Hazel Grove’s newly elected Tory MP William Wragg has revealed improving transport in the area is his ‘first priority’ after describing the victory as his ‘highest honour’.
Mr Wragg received 41% of the vote, compared to just 26% of second-place Lib Dem candidate Lisa Smart.
“This is the highest honour that I could have possibly hoped for in my life,” he said following the result.
“The first priority is infrastructure; we need to make sure that we’ve got the appropriate transport infrastructure in our area.
“I would also like to see a continuing high rate of employment, seeing more people in work and a secure future for working families.”
The soon-to-be MP explained why he believed the Conservatives won the seat relatively comfortably, which involved displaying a strong political message to all ages.
“I think it’s a combination of a strong local positive campaign that we’ve run in Hazel Grove and also the national picture as well,” he said.
“We’ve combined during this campaign a strong local message but also linking that with the national message on securing a stronger economy.
“I think that people of any age, young people in particular, respond well when you’ve got a strong positive message that emphasises what we stand for and what we want to achieve from the area rather than descending into political tit-for-tat and negativity.”
“If I went canvassing in Hazel Grove and have a conversation I wasn’t there to talk about political dogma I was there to talk about local issues and really understand what motivates people and what they wanted in their area.
Mr Wragg went on to explain that his previous experience helped him to engage the younger generation of voters, who he feels had become apathetic.
“My background is education, as a teacher, so I’m really passionate about engaging children in this country and the upstanding young citizens they grow to be,” he said.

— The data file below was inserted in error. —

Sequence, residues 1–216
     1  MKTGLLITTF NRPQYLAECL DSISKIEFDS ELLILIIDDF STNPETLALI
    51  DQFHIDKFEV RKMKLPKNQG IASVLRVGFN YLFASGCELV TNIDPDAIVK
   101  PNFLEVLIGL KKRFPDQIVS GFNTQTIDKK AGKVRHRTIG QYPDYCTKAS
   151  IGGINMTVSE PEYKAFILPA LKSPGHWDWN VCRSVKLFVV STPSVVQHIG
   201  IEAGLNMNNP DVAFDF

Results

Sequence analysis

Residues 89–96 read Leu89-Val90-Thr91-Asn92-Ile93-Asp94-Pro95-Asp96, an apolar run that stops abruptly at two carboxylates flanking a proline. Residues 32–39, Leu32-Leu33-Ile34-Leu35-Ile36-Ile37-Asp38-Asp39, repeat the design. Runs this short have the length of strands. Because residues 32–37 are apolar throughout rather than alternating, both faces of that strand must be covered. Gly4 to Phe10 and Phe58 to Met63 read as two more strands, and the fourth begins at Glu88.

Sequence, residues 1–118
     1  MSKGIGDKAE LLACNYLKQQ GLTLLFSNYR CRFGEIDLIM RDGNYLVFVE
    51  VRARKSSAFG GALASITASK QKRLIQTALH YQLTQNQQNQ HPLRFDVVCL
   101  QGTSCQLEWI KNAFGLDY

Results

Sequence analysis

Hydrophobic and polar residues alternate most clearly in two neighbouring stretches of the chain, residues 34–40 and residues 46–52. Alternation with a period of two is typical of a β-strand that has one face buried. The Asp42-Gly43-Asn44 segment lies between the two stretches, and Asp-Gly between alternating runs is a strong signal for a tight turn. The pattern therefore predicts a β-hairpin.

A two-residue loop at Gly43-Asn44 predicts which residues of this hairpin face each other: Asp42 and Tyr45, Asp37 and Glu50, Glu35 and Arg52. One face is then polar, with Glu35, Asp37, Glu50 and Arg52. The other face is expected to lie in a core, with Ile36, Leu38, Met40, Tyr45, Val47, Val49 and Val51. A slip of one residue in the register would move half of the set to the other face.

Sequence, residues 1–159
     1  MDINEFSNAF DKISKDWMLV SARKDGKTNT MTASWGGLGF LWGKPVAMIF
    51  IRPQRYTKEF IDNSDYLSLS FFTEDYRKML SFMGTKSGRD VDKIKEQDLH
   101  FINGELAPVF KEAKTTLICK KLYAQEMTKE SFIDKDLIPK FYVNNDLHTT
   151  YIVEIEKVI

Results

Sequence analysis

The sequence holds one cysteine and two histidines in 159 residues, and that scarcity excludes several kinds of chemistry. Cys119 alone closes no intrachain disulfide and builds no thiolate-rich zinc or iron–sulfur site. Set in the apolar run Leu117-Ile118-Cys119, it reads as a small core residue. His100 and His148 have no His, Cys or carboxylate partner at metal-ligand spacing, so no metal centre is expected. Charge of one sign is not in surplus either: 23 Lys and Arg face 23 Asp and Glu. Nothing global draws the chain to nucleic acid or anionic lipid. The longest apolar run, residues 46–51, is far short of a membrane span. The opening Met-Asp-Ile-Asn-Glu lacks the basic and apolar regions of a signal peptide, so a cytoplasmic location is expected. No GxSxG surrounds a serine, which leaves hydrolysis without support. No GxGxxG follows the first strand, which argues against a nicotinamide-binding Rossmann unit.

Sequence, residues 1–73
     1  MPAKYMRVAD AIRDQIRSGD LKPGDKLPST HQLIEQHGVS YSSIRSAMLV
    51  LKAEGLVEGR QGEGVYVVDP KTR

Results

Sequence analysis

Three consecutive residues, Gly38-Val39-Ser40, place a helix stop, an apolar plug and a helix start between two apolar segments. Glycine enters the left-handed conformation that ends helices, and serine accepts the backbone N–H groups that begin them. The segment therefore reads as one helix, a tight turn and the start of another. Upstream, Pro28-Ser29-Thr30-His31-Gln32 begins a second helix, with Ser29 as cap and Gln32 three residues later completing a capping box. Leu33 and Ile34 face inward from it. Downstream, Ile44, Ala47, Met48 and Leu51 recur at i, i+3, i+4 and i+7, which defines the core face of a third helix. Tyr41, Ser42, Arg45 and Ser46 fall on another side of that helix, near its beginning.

“I don’t think they’re disenfranchised, I think there’s apathy. I think there’s perhaps a barrier which is more through misunderstanding or lack of dialogue from politicians to the public, and the more dialogue there is the easier that barrier is to break.
“When I applied to Oxford I didn’t get in so clearly I must have lacked the accent but, I’m local, I’m from the area, I went to the local schools I know the area, I’m firmly a conservative. But to be a Conservative you don’t have to have an RP accent.”
Mr Wragg explained his delight at strengthening the Conservative hold on the seat, which he attributed purely to hard work.
“It’s a very satisfactory result to put it mildly. I’m absolutely delighted by the swing of achievement in this constituency,” he said.
“We’ve increased our absolute conservative vote on the last general election amd we’ve increased our percentage share.
“I’m relieved that my positive campaigning for this constituency paid off in the face of stiff opposition.”
Image courtesy of the BBC, with thanks.